Attorney General William Barr said there was widespread agreement within the Trump administration that only active-duty troops should be used in US cities to control national protests as a “last resort.”
“It was decided to keep some regular troops in close proximity. But all agreed that the use of regular troops was a last resort and that they should remain in control of things with other resources.” CBS News ‘Face the Nation’ In an interview that aired Sunday.
He said he had agreed with Defense Secretary Mark Esper and Joint Chiefs of Staff President Mark Milli that the federal government had “sufficient resources” to deal with the protesters, but that US troops should remain nearby if needed.
He also denied CBS news reports that President Trump called for the deployment of 10,000 active-duty soldiers last Monday to quell protests that began after the death of George Floyd in Minneapolis police custody on May 25.
Barr said, “The president has never asked or recommended that we stop regular troops at that time. This is something that has been done from time to time in our history. We are trying to avoid that.
He confirmed that “some” the 82nd Airborne Military Police had been brought to the area, but the Washington, DC.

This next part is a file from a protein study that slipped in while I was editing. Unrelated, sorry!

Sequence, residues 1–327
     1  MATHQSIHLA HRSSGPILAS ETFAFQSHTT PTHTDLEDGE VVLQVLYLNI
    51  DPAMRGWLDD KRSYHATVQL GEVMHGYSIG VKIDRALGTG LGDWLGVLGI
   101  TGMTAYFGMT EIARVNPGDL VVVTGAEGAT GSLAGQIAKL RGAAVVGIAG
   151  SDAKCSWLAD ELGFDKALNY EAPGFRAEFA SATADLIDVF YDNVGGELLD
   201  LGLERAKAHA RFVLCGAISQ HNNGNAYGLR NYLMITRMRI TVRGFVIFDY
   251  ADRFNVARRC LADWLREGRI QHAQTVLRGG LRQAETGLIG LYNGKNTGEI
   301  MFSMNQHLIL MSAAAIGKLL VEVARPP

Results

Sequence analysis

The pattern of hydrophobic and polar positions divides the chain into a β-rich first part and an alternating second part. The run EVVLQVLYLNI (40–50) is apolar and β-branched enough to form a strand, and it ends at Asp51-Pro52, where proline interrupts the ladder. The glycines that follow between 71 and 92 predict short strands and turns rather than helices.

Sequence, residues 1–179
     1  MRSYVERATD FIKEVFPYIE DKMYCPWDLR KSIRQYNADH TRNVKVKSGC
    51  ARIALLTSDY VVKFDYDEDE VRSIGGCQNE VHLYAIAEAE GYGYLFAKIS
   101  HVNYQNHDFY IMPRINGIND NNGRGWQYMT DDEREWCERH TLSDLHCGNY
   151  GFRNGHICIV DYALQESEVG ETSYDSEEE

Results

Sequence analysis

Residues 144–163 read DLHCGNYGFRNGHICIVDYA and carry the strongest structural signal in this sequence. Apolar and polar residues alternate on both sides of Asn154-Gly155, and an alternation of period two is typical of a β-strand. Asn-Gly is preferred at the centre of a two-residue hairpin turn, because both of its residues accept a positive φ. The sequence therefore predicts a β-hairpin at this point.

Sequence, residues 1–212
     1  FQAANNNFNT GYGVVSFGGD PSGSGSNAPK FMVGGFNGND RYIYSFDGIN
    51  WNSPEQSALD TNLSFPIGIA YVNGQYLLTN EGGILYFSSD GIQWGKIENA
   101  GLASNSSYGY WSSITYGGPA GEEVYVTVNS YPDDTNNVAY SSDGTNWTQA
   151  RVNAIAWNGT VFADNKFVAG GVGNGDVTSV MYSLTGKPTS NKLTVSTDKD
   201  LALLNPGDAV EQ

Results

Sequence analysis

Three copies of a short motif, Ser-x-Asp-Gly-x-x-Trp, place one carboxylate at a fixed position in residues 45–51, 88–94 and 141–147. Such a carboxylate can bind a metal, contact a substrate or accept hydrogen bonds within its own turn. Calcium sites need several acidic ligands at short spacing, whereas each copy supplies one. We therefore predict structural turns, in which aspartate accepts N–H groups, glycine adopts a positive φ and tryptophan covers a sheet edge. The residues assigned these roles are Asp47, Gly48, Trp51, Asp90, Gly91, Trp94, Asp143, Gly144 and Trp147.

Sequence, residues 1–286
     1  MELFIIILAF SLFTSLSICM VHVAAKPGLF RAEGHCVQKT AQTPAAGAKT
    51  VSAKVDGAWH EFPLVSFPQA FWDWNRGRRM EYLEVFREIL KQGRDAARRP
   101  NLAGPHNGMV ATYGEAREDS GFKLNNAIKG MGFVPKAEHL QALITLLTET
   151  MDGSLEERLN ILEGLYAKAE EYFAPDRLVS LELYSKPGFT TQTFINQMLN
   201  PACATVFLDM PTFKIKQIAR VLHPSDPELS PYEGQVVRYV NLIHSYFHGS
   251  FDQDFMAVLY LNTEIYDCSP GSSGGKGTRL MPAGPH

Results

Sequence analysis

Faced with nationwide protests that have turned violent in some areas through burglaries and fires, the president proposed a 1807 rebellion law that would allow him to deploy military troops on American streets.
Barr also defended the removal of protesters in front of St. John’s Episcopal Church, which was damaged during Sunday’s rallies, and said another block should be expanded around Lafayette Park.
When Trump came across Lafayette Park and participated in a photo shoot outside the historic church – he dismissed the argument that it was a peaceful protest, and in the days before, there were “violent riots” around the park, which were repeatedly attacked by park police.
On Monday, Barr said he was given three warnings to go back to the meeting.
He told CBS: “The park police were confronted with what they considered to be a very rowdy and disobedient crowd. Police threw projectiles at them.”
Although the park police acknowledged the use of chemical agents, he denied reports that tears had been thrown into the crowd.
“No, there are no chemical irritants. Pepper spray is not a chemical irritant, ”Barr said.